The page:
‘Empordà is definitely on the move. It is well past its flirtation with international vine varieties’
The Catalans seem to take conservation seriously. To the extent of removing an entire Club Med holiday village in order to restore the geologically unique north-eastern tip of the region to its natural state. Knocking down more than 400 buildings, which admittedly looked as integrated within the landscape as a caravan site, is surely taking rewilding to a new level.
This dramatic decision was inspired by the 1998 designation of Cap de Creus — the rocky outcrop in the hinterland of the seaside town of Cadaqués and the famous El Bulli restaurant — as a protected natural park. By 2010 the resort had been excised from the landscape and today the extraordinary rock formations of Tudela, where the Club once was, are again as nature intended.
On the August Saturday morning that I visited, the carefully landscaped trails were dotted with shiny Lycra as runners and cyclists made their determined way up them. My host was the energetic Anna Espelt, who runs her family’s Espelt wine operation, which has the most vineyards, 172ha, in the local appellation of Empordà (although the vast Perelada operation sells more wine).
Espelt’s tourist-friendly modern winery in Vilajuïga is based quite far inland and draws from vineyards in several different locations, but I feel Anna’s heart is most moved by those she was encouraged to plant in Cap de Creus, within sight of the sea. “I feel very good in this place,” she smiles as she takes in the view of the deep blue Mediterranean, the resort town of Roses in the distance and a bronze-age menhir that was unearthed by her father at the foot of her vineyards.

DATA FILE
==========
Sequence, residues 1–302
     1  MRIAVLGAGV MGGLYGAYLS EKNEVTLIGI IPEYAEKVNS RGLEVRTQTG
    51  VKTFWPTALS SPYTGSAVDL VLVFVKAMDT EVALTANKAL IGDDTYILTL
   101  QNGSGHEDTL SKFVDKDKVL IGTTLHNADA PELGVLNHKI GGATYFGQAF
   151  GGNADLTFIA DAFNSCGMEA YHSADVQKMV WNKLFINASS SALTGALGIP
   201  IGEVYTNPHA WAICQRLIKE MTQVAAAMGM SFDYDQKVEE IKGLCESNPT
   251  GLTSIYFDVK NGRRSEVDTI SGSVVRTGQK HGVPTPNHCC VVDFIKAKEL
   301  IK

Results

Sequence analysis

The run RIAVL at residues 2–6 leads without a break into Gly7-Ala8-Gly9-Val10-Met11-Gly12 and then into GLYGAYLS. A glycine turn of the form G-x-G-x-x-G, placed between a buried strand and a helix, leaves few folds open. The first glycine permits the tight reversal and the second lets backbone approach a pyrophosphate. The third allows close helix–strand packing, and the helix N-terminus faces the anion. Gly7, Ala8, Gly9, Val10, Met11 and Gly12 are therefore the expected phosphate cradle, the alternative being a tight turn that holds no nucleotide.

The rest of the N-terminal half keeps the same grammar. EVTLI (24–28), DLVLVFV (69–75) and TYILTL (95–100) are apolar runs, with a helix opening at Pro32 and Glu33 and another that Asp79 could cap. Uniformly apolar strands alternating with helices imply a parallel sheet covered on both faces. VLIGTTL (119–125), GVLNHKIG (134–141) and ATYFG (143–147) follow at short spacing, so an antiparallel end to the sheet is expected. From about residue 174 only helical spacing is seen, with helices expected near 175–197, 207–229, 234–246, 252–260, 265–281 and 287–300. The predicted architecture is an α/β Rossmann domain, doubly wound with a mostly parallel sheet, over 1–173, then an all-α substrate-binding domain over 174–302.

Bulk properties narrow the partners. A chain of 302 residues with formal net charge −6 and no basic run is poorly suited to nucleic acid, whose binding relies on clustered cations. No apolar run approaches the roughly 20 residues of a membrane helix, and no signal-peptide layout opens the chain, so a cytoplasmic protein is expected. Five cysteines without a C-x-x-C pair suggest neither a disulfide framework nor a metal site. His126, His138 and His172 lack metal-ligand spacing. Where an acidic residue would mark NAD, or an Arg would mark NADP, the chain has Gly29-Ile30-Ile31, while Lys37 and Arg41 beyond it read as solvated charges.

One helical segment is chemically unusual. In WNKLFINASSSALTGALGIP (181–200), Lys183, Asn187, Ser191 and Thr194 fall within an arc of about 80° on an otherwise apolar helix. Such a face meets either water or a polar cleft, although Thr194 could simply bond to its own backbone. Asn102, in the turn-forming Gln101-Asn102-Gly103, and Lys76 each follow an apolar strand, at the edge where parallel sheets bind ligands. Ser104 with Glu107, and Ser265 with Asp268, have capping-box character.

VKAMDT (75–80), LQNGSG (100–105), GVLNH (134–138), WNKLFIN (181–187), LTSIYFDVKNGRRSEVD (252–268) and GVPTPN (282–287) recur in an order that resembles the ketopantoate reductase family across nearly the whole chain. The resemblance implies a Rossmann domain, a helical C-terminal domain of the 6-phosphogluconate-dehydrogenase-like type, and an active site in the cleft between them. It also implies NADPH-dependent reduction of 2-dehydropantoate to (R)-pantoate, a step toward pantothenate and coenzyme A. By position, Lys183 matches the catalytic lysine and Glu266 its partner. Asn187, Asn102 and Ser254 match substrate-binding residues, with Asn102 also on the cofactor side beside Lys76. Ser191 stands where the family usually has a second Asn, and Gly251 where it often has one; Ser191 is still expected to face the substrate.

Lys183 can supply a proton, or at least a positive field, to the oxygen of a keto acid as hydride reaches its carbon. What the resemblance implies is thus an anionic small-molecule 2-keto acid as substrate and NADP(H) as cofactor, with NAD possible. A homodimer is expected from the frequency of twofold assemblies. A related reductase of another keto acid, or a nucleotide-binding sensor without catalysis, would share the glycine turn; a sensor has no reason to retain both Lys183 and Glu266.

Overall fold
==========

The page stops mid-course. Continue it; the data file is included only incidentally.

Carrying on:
Before the phylloxera louse, which is fatal to vine roots, arrived back in 1879, Catalonia was wine country. By the turn of that century, a wine region with about 10,000ha of vines had been almost wiped out. Today, evidence of the 30,000km of painstakingly built stone terraces for vines can be seen on many a hillside. There are currently only 1,821ha of vines in production in this recently revived denomination.
It was partly to honour Cap de Creus’s viticultural legacy that Espelt planted vineyards there. The vine trunks were so spindly I thought they were only a handful of years old but they bear witness to how tough conditions here are for vines. The chilly tramuntana whistles through the mountains from the north, and the vines are buffeted by winds off the sea too. The park’s guardians are keen to encourage biodiversity. They see vines as more fire-resilient than many other plants in a landscape that is tinder-dry in a “normal” summer, let alone 2021 which, Espelt tells me, has so far seen just 153mm of rain.
The precision of that number is testament to the pain imposed by the drought but also Espelt’s scientific training. She was meant to be a biologist but in 2000 the opportunity to carry on her grandfather’s wine-producing legacy lured her back from California where she had been a cellarhand. She was very much thrown in at the deep end. Nineteen years ago, they planted 25ha of vines on Cap de Creus, partly to encourage others. Her first mistake, she says, was the decision to trellis the vines on wires rather than plant them as standalone bush vines, which would possibly have been more resilient and less thirsty. Nevertheless, the single-vineyard varietal wines they have yielded since 2017 are pretty impressive.
She has named them after places on Cap de Creus that have a special meaning for her. The white, made from Picapolla, as they call tangy Clairette grapes here, is called Pla de Tudela, after the beach where she particularly likes to swim. The red is made from Garnacha, a grape that is called Lledoner Negre here, and seems to be slimmed down and freshened up with each successive vintage. It’s called Cala Rostella after a pine-covered outcrop overlooking El Bulli.